Getting Started

Sagas Not Found

Component: NServiceBus
NuGet Package: NServiceBus (9-pre)
This page targets a pre-release version. Pre-releases are subject to change and samples are not guaranteed to be fully functional.

The messages which are handled by sagas can either start a new saga (if handled by IAmStartedByMessages<T>) or update an existing saga (if handled by IHandleMessages<T>). If the incoming message in meant to be handled by a saga but is not expected to start a new one, then NServiceBus uses correlation rules to find an existing saga. If no existing saga can be found, all implementations of IHandleSagaNotFound are executed. If no implementation can be found, the message is discarded without additional notification.

public class SagaNotFoundHandler :
    public Task Handle(object message, IMessageProcessingContext context)
        var sagaDisappearedMessage = new SagaDisappearedMessage();
        return context.Reply(sagaDisappearedMessage);

public class SagaDisappearedMessage

Note that in the example above the message will be considered successfully processed and sent to the audit queue even if no saga was found. Throw an exception from the IHandleSagaNotFound implementation to move the message to the error queue.

If there are multiple saga types that handle a given message type and one of them is found while others are not, the IHandleSagaNotFound handlers will not be executed. The IHandleSagaNotFound handlers are executed only if no saga instances are invoked. The following table illustrates when the IHandleSagaNotFound handlers are invoked in cases when a message is mapped to two different saga types, A and B.
Saga A foundSaga B foundNot found handler invoked
In NServiceBus Versions 6 and above, and all integrations that target those versions, all extension points that return Task cannot return a null Task. These APIs must return an instance of a Task, i.e. a pending Task or a CompletedTask, or be marked async. For extension points that return a Task<T>, return the value directly (for async methods) or wrap the value in a Task.FromResult(value).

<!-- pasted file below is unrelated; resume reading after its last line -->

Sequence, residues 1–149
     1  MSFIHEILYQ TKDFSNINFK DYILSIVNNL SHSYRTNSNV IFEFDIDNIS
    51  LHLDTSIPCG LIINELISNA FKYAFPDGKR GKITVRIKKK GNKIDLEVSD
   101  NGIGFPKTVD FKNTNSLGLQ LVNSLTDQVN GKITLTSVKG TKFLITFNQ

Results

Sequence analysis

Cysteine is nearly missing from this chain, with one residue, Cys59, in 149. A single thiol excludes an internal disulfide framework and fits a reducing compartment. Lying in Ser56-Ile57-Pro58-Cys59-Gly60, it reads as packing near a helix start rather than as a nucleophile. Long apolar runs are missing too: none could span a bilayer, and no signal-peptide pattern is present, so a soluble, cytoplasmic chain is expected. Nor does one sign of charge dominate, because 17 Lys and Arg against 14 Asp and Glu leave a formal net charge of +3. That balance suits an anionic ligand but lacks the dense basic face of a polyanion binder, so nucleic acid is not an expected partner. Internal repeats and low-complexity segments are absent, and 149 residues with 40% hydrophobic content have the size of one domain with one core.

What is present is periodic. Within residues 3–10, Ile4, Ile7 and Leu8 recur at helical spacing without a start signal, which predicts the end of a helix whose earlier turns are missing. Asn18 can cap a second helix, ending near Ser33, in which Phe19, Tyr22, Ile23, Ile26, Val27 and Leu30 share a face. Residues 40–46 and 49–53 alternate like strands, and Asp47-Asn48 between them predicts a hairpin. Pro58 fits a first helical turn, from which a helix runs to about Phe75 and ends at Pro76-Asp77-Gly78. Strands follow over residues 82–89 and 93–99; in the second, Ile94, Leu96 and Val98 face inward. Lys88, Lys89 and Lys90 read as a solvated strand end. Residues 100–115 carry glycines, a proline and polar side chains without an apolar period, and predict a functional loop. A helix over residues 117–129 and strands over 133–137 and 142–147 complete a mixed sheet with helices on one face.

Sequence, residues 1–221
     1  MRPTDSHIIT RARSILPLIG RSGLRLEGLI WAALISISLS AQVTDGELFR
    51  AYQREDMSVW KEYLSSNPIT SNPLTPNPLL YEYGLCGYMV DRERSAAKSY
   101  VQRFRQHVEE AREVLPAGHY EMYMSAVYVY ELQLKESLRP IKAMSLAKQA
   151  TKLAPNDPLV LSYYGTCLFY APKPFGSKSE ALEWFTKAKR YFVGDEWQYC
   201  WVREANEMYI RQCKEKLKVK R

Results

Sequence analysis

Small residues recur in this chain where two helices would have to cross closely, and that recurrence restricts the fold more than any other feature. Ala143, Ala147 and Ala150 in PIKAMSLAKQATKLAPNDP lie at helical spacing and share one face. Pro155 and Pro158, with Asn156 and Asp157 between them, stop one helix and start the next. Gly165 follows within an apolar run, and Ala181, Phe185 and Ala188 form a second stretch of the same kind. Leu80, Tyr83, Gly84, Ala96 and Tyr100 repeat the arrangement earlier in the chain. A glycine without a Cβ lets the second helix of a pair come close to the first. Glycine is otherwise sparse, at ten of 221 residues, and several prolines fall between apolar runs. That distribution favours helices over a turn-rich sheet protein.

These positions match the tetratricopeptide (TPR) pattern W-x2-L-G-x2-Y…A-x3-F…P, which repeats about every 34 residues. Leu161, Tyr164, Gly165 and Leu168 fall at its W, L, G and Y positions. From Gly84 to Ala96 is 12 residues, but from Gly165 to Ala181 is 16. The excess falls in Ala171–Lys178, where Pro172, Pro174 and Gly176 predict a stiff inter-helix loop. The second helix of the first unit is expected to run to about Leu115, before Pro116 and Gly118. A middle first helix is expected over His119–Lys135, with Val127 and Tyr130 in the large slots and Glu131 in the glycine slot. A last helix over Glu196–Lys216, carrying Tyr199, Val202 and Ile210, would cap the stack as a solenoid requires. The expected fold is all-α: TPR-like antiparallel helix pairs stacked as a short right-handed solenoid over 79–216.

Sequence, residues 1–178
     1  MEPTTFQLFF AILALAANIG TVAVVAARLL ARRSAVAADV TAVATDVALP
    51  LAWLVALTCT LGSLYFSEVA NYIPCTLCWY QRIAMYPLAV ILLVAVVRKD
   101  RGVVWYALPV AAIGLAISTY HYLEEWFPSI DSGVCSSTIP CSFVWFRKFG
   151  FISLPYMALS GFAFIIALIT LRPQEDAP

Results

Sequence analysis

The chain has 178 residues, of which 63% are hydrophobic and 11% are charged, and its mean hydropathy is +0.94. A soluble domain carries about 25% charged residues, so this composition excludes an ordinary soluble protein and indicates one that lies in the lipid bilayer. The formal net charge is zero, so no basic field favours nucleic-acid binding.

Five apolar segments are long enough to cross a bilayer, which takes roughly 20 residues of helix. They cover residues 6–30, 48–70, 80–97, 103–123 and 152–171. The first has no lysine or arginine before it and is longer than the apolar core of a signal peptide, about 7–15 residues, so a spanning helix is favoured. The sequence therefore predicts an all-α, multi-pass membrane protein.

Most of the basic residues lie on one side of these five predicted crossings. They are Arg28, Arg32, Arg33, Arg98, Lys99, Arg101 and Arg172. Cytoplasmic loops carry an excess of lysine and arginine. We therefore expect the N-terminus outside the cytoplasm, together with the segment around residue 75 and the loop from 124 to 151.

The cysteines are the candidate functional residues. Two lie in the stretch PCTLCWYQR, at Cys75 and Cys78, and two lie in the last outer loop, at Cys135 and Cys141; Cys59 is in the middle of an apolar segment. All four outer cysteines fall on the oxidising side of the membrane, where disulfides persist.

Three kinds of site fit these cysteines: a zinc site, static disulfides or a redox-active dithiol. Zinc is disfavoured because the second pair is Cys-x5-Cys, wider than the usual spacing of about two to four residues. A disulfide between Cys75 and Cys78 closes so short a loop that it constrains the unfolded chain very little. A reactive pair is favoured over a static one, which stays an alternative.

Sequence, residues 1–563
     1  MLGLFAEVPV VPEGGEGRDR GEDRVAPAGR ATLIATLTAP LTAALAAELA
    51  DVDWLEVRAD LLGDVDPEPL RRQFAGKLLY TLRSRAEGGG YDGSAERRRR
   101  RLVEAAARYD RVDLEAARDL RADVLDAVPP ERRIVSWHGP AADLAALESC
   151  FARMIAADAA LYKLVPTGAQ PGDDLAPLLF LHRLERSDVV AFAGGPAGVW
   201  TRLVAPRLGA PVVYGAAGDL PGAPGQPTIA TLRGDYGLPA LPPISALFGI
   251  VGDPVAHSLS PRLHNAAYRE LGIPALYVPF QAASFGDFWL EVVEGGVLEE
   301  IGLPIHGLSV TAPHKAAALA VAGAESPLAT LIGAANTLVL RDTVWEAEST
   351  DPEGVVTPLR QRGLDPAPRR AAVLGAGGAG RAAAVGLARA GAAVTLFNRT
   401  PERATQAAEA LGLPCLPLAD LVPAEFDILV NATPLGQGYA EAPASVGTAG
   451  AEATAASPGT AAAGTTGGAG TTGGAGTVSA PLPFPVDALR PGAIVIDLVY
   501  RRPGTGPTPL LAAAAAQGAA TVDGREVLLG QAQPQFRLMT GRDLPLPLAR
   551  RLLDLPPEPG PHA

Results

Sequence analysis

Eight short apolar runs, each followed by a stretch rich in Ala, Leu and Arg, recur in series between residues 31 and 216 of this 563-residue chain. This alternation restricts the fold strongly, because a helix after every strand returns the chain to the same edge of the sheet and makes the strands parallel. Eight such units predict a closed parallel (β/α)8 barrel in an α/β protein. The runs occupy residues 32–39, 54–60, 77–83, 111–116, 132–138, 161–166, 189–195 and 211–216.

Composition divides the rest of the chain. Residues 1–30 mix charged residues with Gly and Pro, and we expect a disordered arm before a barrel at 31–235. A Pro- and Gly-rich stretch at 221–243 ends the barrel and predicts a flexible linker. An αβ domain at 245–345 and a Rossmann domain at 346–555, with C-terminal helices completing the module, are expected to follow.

The ability to provide an implementation for IHandleSagaNotFound is especially useful if compensating actions are needed for messages which arrive after the saga has been marked as complete. This is a common scenario when using timeouts inside the saga.

For example, consider a saga that is used for managing the registration process on the website. After a customer registers, they receive an email with a confirmation link. The system will wait for confirmation for a specific period of time, e.g. 24 hours. If the user doesn't click the link within 24 hours, their data is removed from the system and saga is completed. However, they might decide to click the confirmation link a few days later. In this case, the related saga instance can't be found and an exception will be thrown. By implementing IHandleSagaNotFound it is possible to handle the situation differently, e.g. redirect the user to the registration website and ask them to fill out the form again.

The implementation of IHandleSagaNotFound should be driven by the business requirements for a specific situation. In some cases the message might be ignored; in others, it might be useful to track whenever that situation happens (e.g. by logging or sending another message). In still other cases, it might make sense to perform a custom compensating action.